Knowledge dissemination efforts of peer engagement research: Reframing the language of the opioid crisis


  • Jane Buxton
    University of British Columbia
  • Travis Lupick
    Georgia Straight


  • Lindsay Shaw
    University of Victoria

The media can greatly influence how the public perceives people who use drugs (PWUDs). With the escalating opioid epidemic in British Columbia, reframing how one thinks about and describes PWUDs is key to reducing the stigma of drug use, and the subsequent reluctance of PWUDs in accessing health services. While stigma surrounding drug use has traditionally served as a deterrent, it is becoming increasingly recognized that the stigmatization, discrimination and isolation of PWUDs has led to poorer health outcomes and further marginalization. Hence, a need to address the language surrounding substance use disorders and drug addiction and those who use drugs has emerged.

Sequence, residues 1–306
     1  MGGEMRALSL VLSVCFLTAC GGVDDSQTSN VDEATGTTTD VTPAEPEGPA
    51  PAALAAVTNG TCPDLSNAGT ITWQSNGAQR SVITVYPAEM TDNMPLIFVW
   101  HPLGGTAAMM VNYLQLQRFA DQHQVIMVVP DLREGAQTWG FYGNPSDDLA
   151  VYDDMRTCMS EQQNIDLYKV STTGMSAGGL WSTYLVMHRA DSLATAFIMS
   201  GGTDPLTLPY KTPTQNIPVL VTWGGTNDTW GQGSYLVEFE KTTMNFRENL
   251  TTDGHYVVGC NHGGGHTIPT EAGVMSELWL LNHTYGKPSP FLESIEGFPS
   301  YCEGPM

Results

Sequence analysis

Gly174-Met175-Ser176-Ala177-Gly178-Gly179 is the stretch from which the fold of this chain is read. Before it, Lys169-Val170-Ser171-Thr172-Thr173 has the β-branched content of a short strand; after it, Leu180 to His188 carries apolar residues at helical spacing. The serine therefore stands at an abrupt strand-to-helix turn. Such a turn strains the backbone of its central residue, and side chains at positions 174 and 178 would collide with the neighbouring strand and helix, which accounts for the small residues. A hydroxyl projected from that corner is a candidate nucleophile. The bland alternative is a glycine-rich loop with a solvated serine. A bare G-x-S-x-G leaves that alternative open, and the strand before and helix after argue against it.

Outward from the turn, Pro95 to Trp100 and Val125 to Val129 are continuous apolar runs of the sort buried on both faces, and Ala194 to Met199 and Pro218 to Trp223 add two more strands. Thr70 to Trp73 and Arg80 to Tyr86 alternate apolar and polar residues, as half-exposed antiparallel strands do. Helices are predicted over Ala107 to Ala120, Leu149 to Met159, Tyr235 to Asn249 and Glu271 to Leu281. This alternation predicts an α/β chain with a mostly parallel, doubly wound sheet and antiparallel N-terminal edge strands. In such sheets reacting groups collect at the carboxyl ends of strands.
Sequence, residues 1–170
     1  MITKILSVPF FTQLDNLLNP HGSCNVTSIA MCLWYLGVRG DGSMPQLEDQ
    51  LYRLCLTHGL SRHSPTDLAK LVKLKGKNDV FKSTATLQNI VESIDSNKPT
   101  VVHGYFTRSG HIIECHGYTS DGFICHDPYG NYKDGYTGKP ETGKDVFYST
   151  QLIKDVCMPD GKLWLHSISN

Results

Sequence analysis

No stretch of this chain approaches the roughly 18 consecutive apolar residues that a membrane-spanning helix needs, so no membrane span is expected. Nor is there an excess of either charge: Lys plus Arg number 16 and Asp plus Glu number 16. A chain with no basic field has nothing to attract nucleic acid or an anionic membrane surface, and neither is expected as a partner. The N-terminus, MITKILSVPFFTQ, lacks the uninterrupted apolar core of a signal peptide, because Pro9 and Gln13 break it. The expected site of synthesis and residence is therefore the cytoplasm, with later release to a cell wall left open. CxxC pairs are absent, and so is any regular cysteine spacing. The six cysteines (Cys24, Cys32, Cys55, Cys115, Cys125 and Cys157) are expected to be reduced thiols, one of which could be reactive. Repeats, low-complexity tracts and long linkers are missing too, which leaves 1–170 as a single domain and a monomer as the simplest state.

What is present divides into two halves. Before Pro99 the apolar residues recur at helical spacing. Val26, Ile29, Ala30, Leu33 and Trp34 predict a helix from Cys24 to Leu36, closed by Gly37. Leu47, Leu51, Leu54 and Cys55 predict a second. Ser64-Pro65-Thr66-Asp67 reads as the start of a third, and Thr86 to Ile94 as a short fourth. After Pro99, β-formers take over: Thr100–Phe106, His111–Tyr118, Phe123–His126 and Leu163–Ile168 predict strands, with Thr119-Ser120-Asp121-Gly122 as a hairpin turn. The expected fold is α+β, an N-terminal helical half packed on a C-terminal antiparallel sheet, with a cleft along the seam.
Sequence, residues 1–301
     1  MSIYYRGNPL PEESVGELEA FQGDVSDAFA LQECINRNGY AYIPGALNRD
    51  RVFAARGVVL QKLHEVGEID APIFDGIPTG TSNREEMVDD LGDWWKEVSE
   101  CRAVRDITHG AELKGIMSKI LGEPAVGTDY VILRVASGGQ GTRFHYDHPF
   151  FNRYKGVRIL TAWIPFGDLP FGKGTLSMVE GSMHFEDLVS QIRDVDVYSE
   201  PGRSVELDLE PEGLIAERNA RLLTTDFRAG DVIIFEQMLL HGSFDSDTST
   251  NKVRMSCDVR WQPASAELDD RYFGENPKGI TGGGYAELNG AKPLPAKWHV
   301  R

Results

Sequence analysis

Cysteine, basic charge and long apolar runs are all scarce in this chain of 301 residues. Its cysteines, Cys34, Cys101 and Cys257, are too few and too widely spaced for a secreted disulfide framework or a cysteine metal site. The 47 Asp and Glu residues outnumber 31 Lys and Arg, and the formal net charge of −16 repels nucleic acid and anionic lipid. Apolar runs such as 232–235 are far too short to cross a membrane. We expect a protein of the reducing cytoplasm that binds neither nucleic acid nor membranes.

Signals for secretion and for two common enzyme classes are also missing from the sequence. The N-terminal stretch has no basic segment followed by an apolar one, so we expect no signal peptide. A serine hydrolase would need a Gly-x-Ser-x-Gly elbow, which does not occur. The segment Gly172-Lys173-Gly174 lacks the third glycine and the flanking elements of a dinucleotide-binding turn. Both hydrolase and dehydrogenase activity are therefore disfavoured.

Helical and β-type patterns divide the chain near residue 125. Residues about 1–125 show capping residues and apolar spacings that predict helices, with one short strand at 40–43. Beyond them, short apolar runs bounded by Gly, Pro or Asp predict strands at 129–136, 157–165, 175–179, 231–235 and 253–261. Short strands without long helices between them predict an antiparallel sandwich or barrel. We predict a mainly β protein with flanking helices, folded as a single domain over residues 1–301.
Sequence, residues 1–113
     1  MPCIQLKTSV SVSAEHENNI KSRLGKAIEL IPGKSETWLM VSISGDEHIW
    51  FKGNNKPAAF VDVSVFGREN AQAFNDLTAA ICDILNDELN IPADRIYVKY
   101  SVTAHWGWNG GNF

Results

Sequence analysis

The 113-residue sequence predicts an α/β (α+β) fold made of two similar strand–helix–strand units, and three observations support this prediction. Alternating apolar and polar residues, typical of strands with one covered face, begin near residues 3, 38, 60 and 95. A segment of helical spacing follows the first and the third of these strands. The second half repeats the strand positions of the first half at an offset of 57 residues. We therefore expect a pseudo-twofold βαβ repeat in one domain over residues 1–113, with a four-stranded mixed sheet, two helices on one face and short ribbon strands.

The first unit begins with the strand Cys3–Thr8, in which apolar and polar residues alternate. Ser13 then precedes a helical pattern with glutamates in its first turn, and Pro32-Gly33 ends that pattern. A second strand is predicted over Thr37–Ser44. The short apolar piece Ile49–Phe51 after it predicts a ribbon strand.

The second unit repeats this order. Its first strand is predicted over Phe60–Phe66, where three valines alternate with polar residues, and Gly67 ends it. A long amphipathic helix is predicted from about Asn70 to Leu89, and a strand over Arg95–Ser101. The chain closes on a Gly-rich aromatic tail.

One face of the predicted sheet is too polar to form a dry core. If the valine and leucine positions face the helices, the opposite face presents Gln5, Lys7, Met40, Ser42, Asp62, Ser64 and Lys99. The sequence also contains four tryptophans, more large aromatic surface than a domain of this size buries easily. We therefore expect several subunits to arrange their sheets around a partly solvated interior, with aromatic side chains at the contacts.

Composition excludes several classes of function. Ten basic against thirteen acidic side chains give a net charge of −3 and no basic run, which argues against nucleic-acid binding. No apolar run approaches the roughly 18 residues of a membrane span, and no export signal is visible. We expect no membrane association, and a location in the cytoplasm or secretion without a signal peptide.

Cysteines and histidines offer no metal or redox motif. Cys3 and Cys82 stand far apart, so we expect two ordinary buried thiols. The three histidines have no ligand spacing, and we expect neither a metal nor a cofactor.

Co-developing with local and regional journalists in BC (knowledge users), Dr. Jane Buxton (research co-lead; BC Centre for Disease Control and University of British Columbia) and her team will attempt to translate innovative peer engagement research to optimize uptake by journalists, and reframe the language used to describe PWUDs. Peer engagement can be defined as the active participation of people with lived experience of substance use in research and policy decision-making processes. Key elements and potential outcomes of knowledge transfer activities include: